Some of my happiest childhood memories are of sushi “lunch dates” with my mom, and eating my dad’s turkey burgers with mustard and grilled onions at backyard celebrations, and of course my grandmother’s chicken with carrots. Those occasions simply wouldn’t have been the same without those foods — and that is important. To give up the taste of sushi, turkey or chicken is a loss that extends beyond giving up a pleasurable eating experience. Changing what we eat and letting tastes fade from memory create a kind of cultural loss, a forgetting.
So! Cauliflower pizza! Once upon a time boyfriend was “paleo” and we still don’t eat too many carbs. This was my first time making pizza by myself.
First thing you do: take out that food processor! Grate the heck out of your cauliflower florets.
It’ll eventually turn into cauliflower “rice”. Toss it in a bowl with a handful of water, top it with a loose plate, and microwave it for 5 minutes (alternately you can just do the same thing in a pot). Most recipes say to toss it in a sieve at this point, and I tried that, but like no water comes out so I’m not sure why you’d do this. Anyways, throw the cooked pulp into a clean dish towel, wrap that up like you’re a stork, and squeeze. Niagara falls is going to come out and you will be surprised.
Squeeze until you’re sick of doing so, then mix all the dough ingredients together. I had a teeny tiny piece of mozzarella and ran out, so then I subbed in parmesan.
Mix that up, pat it out, and bake it at 400 while you make the toppings. I did a simple tomato sauce by pulsing a can of fire-roasted diced tomatoes with some garlic, olive oil, and spices. Then I fried up some ham, drained a can of pineapple, and sliced up some mozzarella.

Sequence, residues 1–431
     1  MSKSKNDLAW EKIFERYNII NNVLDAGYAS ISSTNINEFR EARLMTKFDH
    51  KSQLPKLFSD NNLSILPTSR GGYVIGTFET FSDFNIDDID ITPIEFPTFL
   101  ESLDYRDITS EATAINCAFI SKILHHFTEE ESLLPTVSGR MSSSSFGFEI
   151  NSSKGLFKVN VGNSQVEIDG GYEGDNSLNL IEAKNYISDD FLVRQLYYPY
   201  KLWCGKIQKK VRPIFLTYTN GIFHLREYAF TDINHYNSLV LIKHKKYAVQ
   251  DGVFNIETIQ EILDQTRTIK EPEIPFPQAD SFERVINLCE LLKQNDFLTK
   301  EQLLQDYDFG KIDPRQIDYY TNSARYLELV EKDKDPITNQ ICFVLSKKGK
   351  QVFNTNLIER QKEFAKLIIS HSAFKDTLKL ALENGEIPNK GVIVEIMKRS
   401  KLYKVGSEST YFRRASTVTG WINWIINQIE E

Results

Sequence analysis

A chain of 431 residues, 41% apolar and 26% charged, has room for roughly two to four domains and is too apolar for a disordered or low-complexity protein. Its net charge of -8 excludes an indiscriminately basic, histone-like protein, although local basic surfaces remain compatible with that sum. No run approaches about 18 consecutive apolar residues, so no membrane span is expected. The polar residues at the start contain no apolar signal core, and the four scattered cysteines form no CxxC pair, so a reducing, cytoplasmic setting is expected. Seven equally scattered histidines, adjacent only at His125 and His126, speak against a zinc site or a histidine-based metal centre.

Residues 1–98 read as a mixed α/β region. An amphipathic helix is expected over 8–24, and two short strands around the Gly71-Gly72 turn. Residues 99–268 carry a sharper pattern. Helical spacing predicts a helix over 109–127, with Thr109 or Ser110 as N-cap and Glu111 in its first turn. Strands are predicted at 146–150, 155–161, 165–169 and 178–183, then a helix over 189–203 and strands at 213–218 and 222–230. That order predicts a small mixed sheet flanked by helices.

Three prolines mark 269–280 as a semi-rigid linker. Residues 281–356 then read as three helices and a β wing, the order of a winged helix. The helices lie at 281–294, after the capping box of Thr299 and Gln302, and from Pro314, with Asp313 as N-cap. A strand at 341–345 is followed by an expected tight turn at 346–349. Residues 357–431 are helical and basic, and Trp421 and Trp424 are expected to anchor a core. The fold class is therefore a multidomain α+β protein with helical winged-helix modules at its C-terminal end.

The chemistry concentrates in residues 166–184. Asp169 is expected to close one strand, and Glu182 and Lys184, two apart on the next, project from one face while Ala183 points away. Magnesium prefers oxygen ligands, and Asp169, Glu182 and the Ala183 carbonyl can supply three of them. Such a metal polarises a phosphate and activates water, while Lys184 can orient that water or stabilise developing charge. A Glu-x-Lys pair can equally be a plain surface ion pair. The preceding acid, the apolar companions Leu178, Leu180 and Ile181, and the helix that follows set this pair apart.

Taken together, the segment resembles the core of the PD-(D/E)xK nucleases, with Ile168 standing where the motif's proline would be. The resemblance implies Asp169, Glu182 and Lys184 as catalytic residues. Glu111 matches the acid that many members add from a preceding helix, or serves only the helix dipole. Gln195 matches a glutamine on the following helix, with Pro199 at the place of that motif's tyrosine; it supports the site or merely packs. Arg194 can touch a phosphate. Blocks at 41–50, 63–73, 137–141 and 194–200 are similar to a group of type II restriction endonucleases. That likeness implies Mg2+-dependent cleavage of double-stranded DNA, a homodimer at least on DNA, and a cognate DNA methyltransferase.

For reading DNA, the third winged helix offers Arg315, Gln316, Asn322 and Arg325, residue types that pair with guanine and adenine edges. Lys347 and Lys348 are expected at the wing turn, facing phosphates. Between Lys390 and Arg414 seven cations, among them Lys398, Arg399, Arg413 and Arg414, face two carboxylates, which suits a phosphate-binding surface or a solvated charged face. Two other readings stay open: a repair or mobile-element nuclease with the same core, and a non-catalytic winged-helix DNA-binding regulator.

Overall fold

Top that pizza and throw it back in until the cheese is melted. Yum! This was a fork-and-knife pizza because I made the crust a bit too thick, but I’m interested in experimenting with a thinner crust.
1 head of cauliflower
1 egg or egg substitute (1 Tb flax/chiaseed + 2 Tb water)
1/4 c grated parmesan cheese
1 Tb olive oil (because I didn’t have 1/4 c of grated mozzarella but you could use that too)
Pinches of sea salt, oregano, and basil
Preheat oven to 400. Usually I don’t like preheating too much ahead of time but 400 is super hot and it’ll take this long to get it that hot.
Grate the cauliflower into snow using a food processor. Cook the snow by either putting it with a bit of water (1/4 c) in a pot and boiling, then turning off the flame and covering for 5 minutes, or put it with a bit of water (2 TB) in a bowl and microwave for 4 minutes.
Get rid of as much water as possible by putting the cooked cauliflower mush in a clean dish towel and wringing it (let it cool a bit before doing this step).
Mix all ingredients in a bowl. Pat out onto a silpat (unless you’re fancy and own a pizza stone etc.) and bake while you prepare your toppings (about 30 minutes). Then top with toppings and keep baking until the cheese melts (another 10 minutes).